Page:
It's true, certainly, that the vast majority of sparkling wine sales in the United States happens in the last quarter of the year, that is, the holiday season fo October, November and December. Sales also spike around Valentine's Day and it's easy to see why: what goes better with romance than a glass overflowing with bubbles?
I'd like to take the opportunity of this "in-between time" to advocate for more regular consumption (and, almost by definition, enjoyment) of sparkling wine. There are two primary reasons for this. First, sparkling wine is a largely underappreciated partner to food. Second, sparkling wine simply puts people at ease.
What makes sparkling wine such a good partner to food? It has to do with its acidity. Much sparkling wine — whether it's from Germany or the Anderson Valley of California or the Champagne region of France — is grown is relatively cool climates and is harvested early. That imparts a high amount of acid to the grapes, and it's acidity in a wine that makes it food-friendly.
And what is it about sparkling wine that puts people at ease? Personally, I just think of sparkling wine and I start to giggle. And I'm not even a big giggler. Anecdotally, also, I've handed people a glass of sparkling wine at parties and I've literally watched their tense shoulders and facial muscles relax. Sparkling wine is a happy wine.
When many people think of sparkling wine they right away think of champagne from the Champagne region of France. The catch is that it can be quite expensive, which adds to its categorization as "special occasion" beverage. The good news is that you can find sparkling wine that is neither champagne nor expensive.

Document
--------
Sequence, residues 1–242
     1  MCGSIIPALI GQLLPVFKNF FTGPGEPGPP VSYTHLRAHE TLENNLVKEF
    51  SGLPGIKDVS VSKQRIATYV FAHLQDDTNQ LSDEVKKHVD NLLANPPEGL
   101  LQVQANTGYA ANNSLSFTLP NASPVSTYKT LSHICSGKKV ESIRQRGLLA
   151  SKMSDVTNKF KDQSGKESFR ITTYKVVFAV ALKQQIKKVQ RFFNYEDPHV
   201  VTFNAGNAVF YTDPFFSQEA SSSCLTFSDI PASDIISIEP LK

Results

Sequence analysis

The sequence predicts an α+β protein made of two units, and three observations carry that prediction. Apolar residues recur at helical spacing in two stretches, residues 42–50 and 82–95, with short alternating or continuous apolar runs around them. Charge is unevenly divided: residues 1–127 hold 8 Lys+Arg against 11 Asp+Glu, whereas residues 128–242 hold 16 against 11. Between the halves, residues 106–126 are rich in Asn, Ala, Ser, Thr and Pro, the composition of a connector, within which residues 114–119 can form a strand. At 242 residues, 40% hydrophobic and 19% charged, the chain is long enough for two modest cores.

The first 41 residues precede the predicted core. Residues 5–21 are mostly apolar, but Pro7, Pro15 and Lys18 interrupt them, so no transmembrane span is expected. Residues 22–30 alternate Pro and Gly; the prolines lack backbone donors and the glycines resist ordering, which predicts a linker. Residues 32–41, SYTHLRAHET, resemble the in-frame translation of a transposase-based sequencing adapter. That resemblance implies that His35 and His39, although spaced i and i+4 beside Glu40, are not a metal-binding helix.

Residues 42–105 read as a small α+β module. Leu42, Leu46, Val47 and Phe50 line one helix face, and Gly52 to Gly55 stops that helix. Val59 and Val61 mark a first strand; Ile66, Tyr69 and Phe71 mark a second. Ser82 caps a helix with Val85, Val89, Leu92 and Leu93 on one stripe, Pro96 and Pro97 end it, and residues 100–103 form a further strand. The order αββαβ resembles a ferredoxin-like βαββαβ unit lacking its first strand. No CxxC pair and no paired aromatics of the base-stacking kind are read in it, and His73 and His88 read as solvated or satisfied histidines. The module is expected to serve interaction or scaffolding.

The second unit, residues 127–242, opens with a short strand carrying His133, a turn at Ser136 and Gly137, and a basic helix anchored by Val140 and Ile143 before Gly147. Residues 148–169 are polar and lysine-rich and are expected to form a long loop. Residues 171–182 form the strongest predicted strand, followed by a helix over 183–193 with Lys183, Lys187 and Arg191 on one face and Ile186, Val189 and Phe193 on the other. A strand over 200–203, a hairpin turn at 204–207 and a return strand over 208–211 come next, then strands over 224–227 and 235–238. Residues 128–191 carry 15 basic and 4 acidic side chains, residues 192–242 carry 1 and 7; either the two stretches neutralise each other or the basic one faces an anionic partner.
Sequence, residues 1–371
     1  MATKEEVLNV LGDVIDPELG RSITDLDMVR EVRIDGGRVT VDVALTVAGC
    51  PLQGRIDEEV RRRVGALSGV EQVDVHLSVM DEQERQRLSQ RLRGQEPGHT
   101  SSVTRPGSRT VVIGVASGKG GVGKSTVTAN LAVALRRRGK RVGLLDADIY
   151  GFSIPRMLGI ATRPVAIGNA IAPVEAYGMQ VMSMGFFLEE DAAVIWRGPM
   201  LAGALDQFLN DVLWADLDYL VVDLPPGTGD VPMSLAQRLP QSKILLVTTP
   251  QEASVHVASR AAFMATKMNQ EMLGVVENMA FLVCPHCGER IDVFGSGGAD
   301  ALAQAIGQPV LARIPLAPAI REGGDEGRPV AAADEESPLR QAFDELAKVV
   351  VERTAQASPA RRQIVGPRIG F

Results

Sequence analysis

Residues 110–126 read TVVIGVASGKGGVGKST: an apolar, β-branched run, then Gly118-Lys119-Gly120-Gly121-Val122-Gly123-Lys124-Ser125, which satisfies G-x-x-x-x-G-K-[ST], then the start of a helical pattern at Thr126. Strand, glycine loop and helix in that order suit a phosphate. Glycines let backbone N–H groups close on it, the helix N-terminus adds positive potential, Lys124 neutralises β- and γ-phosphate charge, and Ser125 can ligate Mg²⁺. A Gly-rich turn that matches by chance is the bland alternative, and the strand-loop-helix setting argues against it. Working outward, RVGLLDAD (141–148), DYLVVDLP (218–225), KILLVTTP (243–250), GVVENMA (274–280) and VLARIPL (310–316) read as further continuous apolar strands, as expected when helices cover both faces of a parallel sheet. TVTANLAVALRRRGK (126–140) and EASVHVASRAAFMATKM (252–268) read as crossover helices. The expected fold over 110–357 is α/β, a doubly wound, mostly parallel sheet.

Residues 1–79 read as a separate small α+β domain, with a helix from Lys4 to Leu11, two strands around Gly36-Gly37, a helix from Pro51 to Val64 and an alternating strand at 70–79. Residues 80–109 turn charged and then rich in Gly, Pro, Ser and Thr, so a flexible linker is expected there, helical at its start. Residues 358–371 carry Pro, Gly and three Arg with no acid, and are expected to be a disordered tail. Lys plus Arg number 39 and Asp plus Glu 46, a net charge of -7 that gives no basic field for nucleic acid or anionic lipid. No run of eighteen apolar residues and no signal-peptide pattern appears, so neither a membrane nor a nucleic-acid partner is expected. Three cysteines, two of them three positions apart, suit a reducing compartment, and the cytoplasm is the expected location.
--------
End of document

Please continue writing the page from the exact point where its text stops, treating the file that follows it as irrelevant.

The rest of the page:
Take asti and prosecco, two sparkling wines from Italy that are often terrific values. Asti, which means "frizzy" or "frizzante" in Italian, comes from the Piemonte region of Italy. It is made from Muscat grapes, which will give this mildly-sparkling wine its floral and peachy aromas. Prosecco, on the other hand, is produced mainly in the northern Veneto region of Italy from Glera grapes.
Two less well-known sparkling wine producers are Germany, where the sparkling wines are called Sekt or Deutscher Sekt, and England. Riesling is a popular grape in Sekt; what distinguishes a Deutscher Sekt is that the grapes were grown in Germany (as opposed to being imported from France, Italy, or Spain). The price and quality of Sekt ranges widely but many brands retail for $12 or less.
Newer to the market is a sparkling wine from England called Nyetimber. The United Kingdom is not the first country to come to mind when it comes to wine but, given the effect of global warming and given sparkling wine grapes' natural affinity for cooler climates, winemakers are securing more and more vineyards in southern England.
Nyetimber, for example, comes from West Sussex in the southeastern corner of the country. It's a very dry sparkling wine with small and persistent bubbles. Serving it, or even choosing it from the shelf, is a unique and unconventional (read interesting and enjoyable) choice.
The Mendoza region of Argentina is also beginning to make its mark with sparkling wines. Like their still wines, Argentinian sparklers can be excellent values and their overall quality is improving steadily.
But you don't have to stray very far at all for high-quality sparkling wine. Westport Rivers, located on the southern shore of Massachusetts in Westport, produces a number of exceptional sparkling wines, one of which is carried as the house sparkler at Boston restuarant, L'Espalier, owned by chef Frank McClelland of Essex. Westport Rivers' website offers creative and extensive food pairing ideas, which reinforces the idea that sparkling wines make for wonderful dinner companions — at any time of the year — and you don't have to break the bank to get them.
Cathy Huyghe is a regular Times columnist. A resident of Manchester, she is the founder of Red White Boston, which links wine seekers to the wines they seek. Find out how online at http://theredwhiteboston.com.